By Molly Patrick
Sep 13, 2016
Today’s Fuckery is all about iron.
Now – off the top of my head I can think of at least five things that are way more fun to chat about.
- Cat pants
- My cats
- The fact that tacocat spelled backwards still spells tacocat #MindBlown
Iron is far from this list. But before you roll your eyes with boredom and click out of this post – hold on. I have a knack for making complicated, boring shit less complicated and less boring, so give me a chance. I’ll make this painless and interesting.
Game on. Let’s start her up and make this Fuckery purrrrr like a cat in a sunny window, shall we?
Iron is an essential mineral with the super important job of carrying oxygen from our lungs to the rest of our body. Not a task to be taken lightly.
There are two types of iron:
- Heme iron: Found in blood and muscle. This type of iron makes up the majority of the iron found in animal foods; meat, poultry, seafood and eggs.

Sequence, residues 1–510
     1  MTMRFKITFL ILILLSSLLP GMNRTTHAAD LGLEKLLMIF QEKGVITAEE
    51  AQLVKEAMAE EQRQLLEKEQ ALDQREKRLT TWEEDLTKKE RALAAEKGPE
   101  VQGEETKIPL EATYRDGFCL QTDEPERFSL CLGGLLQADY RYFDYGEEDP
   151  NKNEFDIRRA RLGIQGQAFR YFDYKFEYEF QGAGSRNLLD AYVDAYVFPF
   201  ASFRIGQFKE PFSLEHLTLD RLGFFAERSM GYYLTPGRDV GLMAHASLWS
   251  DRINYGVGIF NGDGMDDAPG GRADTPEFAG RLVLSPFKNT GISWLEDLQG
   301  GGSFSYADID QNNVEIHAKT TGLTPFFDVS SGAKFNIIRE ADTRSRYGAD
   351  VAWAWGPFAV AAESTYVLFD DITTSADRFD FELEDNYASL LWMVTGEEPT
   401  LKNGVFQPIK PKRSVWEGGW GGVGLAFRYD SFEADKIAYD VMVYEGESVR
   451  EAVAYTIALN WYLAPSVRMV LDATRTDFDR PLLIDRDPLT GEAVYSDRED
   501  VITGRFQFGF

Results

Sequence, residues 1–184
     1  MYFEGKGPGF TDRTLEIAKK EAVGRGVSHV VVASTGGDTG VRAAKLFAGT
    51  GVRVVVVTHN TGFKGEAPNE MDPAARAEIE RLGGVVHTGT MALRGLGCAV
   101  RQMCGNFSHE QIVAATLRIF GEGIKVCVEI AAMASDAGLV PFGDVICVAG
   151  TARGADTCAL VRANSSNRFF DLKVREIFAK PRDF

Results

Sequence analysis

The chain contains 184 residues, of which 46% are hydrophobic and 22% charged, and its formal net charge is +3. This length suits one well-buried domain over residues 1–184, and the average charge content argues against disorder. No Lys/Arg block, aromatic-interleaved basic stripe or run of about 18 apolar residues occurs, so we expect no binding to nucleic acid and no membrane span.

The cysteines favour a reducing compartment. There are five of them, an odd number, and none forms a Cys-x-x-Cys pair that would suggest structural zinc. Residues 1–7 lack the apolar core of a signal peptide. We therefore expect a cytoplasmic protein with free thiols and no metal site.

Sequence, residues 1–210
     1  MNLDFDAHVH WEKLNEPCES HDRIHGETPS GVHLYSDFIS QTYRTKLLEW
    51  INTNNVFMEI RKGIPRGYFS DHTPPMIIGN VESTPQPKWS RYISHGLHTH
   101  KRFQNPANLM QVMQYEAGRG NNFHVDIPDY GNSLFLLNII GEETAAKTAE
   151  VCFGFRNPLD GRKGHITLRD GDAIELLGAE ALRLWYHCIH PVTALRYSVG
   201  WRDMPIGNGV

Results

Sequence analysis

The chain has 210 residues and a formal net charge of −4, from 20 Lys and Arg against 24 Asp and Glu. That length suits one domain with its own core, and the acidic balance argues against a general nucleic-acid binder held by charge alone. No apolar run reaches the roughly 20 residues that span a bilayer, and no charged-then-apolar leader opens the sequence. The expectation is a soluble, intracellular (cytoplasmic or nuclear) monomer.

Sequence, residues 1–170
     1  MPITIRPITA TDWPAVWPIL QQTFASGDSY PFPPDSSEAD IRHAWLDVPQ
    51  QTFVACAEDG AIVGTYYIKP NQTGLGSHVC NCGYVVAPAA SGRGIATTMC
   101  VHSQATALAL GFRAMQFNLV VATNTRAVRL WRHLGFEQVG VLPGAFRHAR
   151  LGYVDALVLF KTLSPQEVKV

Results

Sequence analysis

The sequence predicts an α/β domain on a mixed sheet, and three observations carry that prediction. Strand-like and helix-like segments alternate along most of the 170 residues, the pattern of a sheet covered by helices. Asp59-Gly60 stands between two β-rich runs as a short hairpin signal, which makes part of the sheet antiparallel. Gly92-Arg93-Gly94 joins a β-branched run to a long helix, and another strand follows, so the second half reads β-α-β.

- Non-heme iron: Found in plants. This is the only type of iron in plant foods; veggies, fruit, beans and legumes, whole grains, nuts and seeds.
Most people know that if we don’t absorb enough iron, we risk iron deficiency anemia. People who are anemic experience shitty things like extreme fatigue and weakness, lightheadedness, shortness of breath, rapid heartbeat, brain fog, headaches and irritability. It’s not a party when oxygen can’t get to where it needs to go.
Clearly, not getting enough iron has serious health consequences, but what most people don’t know is that the absorption of too much iron is associated with even more severe health consequences, like heart disease, certain types of cancers, type 2 diabetes, Alzheimer’s, Parkinson’s disease and arthritis (see references at the end of this post).